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Editorial: Trade Secrets

Monday, May 26, 2014
For years, the Chinese government has been stealing secrets from American companies. Last Monday, the United States finally put its foot down. The Justice Department announced that five Chinese military officials have been indicted on charges of espionage against American steel, solar and nuclear power companies — the first time the U.S. has brought such accusations against another country.

It’s the right thing to do. Cybercrime that targets trade secrets and intellectual property is a booming business, costing U.S. companies billions each year. It’s been called the greatest transfer of wealth in human history. And China’s legions of cyberspies are, by general consensus, the world’s worst offenders.

The U.S. has now signaled that it will protect companies against such intrusions after years of private warnings to the Chinese. And, more important, the indictment may remind China that curtailing this kind of abuse is in its own economic interest.

The indictment amounts to a defense of a long-established principle of espionage: While governments can spy to protect national security, as the U.S. does, they shouldn’t steal corporate secrets to benefit their own businesses. The Chinese government has been ostentatiously flouting this norm for years.

Take Solarworld, a solar-panel maker. The indictment alleges that in 2012, Chinese military hackers stole thousands of files from the company’s U.S. subsidiaries relating to pricing, cash flow and corporate strategy, and that they pilfered privileged attorney-client communications related to trade litigation. Around the same time, it says, Solarworld’s Chinese competitors were dumping products onto the U.S. market below cost, hoping to gain market share.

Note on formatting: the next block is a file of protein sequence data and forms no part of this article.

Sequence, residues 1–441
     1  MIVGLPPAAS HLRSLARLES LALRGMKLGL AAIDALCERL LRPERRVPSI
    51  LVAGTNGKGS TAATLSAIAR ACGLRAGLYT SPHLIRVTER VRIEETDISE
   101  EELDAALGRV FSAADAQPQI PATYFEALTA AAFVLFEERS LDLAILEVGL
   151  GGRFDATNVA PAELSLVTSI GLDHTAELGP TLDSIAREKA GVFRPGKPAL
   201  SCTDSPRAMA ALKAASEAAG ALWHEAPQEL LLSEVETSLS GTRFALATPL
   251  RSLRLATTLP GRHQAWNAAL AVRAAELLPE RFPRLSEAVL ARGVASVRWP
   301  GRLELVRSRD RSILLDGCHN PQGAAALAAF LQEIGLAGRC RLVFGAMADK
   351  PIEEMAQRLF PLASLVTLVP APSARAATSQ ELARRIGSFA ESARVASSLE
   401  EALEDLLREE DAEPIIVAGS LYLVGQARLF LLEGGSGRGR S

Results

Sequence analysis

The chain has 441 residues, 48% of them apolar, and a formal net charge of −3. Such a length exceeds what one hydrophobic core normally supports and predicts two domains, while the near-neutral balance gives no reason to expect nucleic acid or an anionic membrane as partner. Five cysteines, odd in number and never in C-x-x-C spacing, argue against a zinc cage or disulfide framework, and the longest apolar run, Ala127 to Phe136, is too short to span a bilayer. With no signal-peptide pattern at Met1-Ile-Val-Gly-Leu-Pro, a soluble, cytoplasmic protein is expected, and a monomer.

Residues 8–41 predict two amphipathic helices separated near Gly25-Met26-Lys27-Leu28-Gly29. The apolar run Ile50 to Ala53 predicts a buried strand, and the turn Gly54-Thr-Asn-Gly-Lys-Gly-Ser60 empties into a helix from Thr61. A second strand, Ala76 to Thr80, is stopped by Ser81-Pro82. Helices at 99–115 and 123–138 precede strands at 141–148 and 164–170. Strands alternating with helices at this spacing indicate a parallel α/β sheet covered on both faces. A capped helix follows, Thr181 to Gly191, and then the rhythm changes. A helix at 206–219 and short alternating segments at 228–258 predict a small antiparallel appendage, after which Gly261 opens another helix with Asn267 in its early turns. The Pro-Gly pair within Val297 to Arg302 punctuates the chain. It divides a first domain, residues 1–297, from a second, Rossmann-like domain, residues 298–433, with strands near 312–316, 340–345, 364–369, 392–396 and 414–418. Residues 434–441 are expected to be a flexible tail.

Such intrusion has no plausible national-security rationale; it’s purely theft. And it’s by no means anomalous. A study last year by the computer-security company Mandiant Corp. said that hackers associated with the Chinese army had stolen hundreds of terabytes of data from 141 companies in 20 industries.

This might make sense for China in the short term: When U.S. companies spend time and money researching new products, only to have the resulting technology stolen and given to their Chinese competitors, China gains an obvious competitive edge. In the long term, however, the strategy of aggressively mixing espionage with commerce is doomed.

First, if China intends for its homegrown companies to become global leaders, it’s going to have to convince international customers — not to mention foreign regulators — that their products aren’t being bugged. Huawei Technologies Co., China’s biggest maker of phone-network equipment, offers one cautionary example: Regulators have repeatedly blocked it from making business deals in the U.S. and elsewhere over espionage fears.

Second, China should realize that a new era of espionage has only just begun. Its own companies will face digital intrusions as they become global powers, and their intellectual property and business secrets will also be lifted by unscrupulous competitors. Helping to build an international consensus about the rules of the game now will help ensure that such disputes don’t escalate dangerously.

Last week’s indictment carries plenty of risks. It could worsen tensions between the U.S. and China. It could make for an awkward diplomatic dynamic with American allies, such as Israel and France, that also engage in economic espionage, albeit on a much smaller scale. And China could retaliate.

Yet it conveys a powerful symbolic message. If it signals to China that its brazen theft of American trade secrets and technology will no longer be tolerated, and forces its government to finally grapple seriously with the long-term costs of economic espionage, it’s worth all those risks — and then some.

Bloomberg News




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